In Memory of Willie Crawford

Former major leaguer Willie Crawford dead at 57
Associated Press
September 1, 2004

(c) Houston Astros
LOS ANGELES - Willie Crawford, a former Los Angeles Dodgers outfielder who played in two World Series, has died. He was 57.

The team said Crawford died Friday of kidney disease at Cedars-Sinai Medical Center.

Crawford played 989 games for the Dodgers and played in the majors from 1964 to 1977, hitting .268 with 86 home runs and 419 runs batted in.

Crawford had a pinch-hit single at age 19 in Game 1 of the 1965 World Series, when the Dodgers beat the Minnesota Twins. He also hit a home run in the Dodgers' loss to Oakland in the 1974 World Series.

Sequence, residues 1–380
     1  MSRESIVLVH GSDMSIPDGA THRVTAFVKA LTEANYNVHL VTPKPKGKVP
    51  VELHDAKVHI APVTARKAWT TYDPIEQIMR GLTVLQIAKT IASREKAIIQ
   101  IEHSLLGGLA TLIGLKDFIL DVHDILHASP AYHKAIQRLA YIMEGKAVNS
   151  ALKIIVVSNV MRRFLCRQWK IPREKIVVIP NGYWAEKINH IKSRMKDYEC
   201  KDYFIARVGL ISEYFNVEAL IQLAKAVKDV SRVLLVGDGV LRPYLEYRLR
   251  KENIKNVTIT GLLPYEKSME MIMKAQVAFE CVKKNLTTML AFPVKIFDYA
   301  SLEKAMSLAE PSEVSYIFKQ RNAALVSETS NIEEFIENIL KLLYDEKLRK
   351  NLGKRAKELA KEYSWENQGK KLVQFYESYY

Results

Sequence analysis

Born in Los Angeles, Crawford spent his first 12 big-league seasons with the Dodgers. He had his most productive year in 1973, when he hit .295 with 14 homers and 66 R.B.I.

Crawford was finished as a major league player at age 30 after spending his final two seasons with St. Louis, Houston and Oakland.

"He was big and powerful, and he could hit a ball as far as anybody," said former Dodgers manager Tommy Lasorda. "Boy, was he something."

Lasorda, who is now a vice president with the team, signed Crawford two days after his graduation from Fremont High School, where Crawford was a standout in baseball, football and track. Crawford won all-city honors in baseball and football and ran the 100-yard dash in 9.7 seconds. He also competed in the long jump.